Wheldon’s death causes criticism of IndyCar boss

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As fans watched the horrifying car crash that killed Dan Wheldon, the focus inevitably turned to the IndyCar Series chief executive, Randy Bernard.

The 44-year-old executive from California had heavily marketed the Las Vegas Motor Speedway race as the dazzling finale to his attempts to improve the popularity of the sagging IndyCar Series.

Wheldon actually reportedly joined the race hoping to grab the first-place prize of $5 million, which he would split with a fan that would be randomly selected. The prize money was offered by Bernard as well as IndyCar sponsors for a driver who was not regularly part of the IndyCar circuit.

The October 16 race instead turned into a 15-car inferno and Wheldon’s death, resulting in uncontrolled finger-jabbing, including those who blamed Bernard while others raged about risky race conditions, even when checked against standards for motor racing.

It was described by one columnist on a website as “almost criminal.” reported Bernard as having been soaked in hate mail, with his contest labeled by many as a gimmick, a stunt, or even a desperate attempt that did not have any place in the dangerous sport.

However, as IndyCar investigated the car crash, some of them confirmed that it was not Bernard or his promotion was to blame; instead, safety issues had to be addressed.

Fontana Auto Club Speedway president Gillian Zucker, who had been at Las Vegas for the race, commented that the blame game needed to stop; this way, the energy could instead be diverted towards learning from the incident in order to make the sport stronger and safer.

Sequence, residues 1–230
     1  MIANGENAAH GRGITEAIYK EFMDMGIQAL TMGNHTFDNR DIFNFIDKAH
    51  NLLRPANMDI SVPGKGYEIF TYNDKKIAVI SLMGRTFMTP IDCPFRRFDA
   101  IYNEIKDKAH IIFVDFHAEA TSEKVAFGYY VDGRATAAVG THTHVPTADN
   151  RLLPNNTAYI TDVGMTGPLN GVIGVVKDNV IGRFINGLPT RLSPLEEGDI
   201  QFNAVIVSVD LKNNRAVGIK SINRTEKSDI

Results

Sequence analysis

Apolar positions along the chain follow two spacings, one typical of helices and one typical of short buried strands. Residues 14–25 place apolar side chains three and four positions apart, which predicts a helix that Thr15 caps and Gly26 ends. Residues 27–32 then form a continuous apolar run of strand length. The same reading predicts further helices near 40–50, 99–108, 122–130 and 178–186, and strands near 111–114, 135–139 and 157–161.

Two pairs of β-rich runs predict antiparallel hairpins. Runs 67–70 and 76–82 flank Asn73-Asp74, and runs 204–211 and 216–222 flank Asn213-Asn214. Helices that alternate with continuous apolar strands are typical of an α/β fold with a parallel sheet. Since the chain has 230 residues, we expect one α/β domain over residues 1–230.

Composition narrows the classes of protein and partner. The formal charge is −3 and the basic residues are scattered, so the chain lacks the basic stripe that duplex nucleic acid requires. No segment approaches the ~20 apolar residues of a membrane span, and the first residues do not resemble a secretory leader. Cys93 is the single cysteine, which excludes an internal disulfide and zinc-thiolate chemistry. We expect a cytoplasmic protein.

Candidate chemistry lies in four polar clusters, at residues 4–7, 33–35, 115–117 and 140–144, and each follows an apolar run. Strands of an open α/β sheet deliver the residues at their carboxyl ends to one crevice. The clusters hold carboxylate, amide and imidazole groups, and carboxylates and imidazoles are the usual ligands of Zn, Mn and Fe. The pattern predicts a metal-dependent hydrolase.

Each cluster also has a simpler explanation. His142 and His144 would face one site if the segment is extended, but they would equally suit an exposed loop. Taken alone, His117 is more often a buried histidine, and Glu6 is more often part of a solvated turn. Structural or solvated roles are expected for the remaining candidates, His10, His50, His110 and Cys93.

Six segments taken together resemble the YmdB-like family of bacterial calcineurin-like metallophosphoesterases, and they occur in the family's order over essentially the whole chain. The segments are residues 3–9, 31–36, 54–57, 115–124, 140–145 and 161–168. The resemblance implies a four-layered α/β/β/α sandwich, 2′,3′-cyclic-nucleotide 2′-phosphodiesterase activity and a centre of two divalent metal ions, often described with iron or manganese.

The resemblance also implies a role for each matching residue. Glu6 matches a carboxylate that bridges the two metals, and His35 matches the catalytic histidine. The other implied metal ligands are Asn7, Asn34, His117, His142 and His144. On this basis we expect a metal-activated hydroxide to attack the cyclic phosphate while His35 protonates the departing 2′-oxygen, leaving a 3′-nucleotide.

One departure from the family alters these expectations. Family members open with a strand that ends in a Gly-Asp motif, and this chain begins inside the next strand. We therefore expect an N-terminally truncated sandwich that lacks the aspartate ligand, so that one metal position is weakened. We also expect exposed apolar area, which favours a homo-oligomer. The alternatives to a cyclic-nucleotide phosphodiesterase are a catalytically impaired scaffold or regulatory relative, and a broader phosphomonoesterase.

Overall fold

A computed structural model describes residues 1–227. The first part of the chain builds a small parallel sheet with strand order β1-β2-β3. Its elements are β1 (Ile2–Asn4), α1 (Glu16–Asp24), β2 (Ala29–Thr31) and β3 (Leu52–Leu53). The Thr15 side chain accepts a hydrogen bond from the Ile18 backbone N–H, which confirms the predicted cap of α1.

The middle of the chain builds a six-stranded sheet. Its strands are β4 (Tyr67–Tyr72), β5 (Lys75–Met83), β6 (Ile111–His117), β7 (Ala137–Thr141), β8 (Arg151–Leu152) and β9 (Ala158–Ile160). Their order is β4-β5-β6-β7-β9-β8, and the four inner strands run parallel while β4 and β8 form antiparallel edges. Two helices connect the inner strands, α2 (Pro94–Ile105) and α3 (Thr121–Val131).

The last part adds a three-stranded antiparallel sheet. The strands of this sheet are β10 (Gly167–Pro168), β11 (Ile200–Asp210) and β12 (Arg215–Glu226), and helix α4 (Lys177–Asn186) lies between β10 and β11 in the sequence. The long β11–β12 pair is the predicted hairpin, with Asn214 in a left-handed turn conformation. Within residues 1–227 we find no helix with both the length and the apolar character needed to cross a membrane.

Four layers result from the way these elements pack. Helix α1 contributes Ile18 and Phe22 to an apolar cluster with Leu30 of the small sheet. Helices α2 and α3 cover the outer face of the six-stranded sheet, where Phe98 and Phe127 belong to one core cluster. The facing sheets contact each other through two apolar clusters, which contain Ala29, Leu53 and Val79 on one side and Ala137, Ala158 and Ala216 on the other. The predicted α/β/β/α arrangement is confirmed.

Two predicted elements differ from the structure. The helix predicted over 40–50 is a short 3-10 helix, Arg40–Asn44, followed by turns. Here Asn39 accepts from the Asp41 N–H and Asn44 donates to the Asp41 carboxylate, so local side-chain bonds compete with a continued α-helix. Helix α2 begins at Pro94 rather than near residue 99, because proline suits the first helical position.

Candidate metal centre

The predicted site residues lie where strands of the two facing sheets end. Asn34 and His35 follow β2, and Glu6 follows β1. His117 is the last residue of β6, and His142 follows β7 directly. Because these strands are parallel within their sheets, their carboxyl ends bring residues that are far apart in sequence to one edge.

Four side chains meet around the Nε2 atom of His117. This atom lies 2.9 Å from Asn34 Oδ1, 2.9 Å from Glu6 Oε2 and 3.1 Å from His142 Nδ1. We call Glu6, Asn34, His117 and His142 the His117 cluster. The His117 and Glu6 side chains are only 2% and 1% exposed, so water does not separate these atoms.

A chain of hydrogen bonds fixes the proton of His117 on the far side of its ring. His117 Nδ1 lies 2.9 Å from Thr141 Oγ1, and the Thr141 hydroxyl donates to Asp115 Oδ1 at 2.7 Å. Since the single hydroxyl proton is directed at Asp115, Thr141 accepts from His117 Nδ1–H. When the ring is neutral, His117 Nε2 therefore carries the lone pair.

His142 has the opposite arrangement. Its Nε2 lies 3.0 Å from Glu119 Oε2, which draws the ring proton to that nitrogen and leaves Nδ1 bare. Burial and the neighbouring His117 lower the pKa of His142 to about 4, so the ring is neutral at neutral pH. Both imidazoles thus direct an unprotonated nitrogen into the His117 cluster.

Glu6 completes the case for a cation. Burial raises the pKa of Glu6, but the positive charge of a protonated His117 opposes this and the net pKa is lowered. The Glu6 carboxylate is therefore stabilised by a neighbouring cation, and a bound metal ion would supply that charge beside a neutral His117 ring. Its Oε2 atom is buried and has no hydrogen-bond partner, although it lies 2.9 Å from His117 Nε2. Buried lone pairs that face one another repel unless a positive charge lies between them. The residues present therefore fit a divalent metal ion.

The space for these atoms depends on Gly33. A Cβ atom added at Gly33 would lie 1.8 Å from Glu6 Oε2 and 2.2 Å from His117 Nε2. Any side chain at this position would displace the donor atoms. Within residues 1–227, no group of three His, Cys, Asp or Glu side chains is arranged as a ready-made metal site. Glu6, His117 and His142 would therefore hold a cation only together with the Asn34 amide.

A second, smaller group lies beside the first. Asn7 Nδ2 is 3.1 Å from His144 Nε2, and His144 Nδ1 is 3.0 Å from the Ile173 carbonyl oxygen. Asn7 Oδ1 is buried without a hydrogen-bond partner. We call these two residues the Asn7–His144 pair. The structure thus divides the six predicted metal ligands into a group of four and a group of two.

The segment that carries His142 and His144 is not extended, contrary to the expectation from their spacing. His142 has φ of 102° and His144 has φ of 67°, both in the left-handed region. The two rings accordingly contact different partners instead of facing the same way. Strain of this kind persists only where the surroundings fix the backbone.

The race had involved a relatively high number of cars, 34 of them, speeding at over 220mph around the 1.5-mile oval, which was described as also being relatively small and having corners that were highly banked. In contrast, the Indianapolis Motor Speedway which is highly famed was in the shape of a rectangular oval, which was, however, much longer, measuring 2.5 miles long and having corners that were flatter.

The Las Vegas crash happened early on in the race, at a time when the drivers were still in a close pack. The accident happened in front of Wheldon, who was running 25th, and he was not able to steer clear of the heap that eventually totaled 15 cars.

Tony Stewart, two-time champion for the NASCAR who had also previously won in Indy-style racing, commented that Bernard had gotten much beating up over the whole incident when it was not necessarily his fault.

He told reporters on Friday that racing had always been a dangerous sport, and that he felt everybody just had give their emotions a chance to settle down before pointing fingers.

Bernard had not been available for interview, although he told the Associated Press that his focus at the moment was taking care of Wheldon’s family, describing the incident as a tragic accident that IndyCar needed to understand as much as it could about.

Wheldon’s funeral was held on Saturday, with memorial held on Sunday for the public in Indianapolis, attended by many race car drivers and IndyCar community members who commemorated his life with music and stories.

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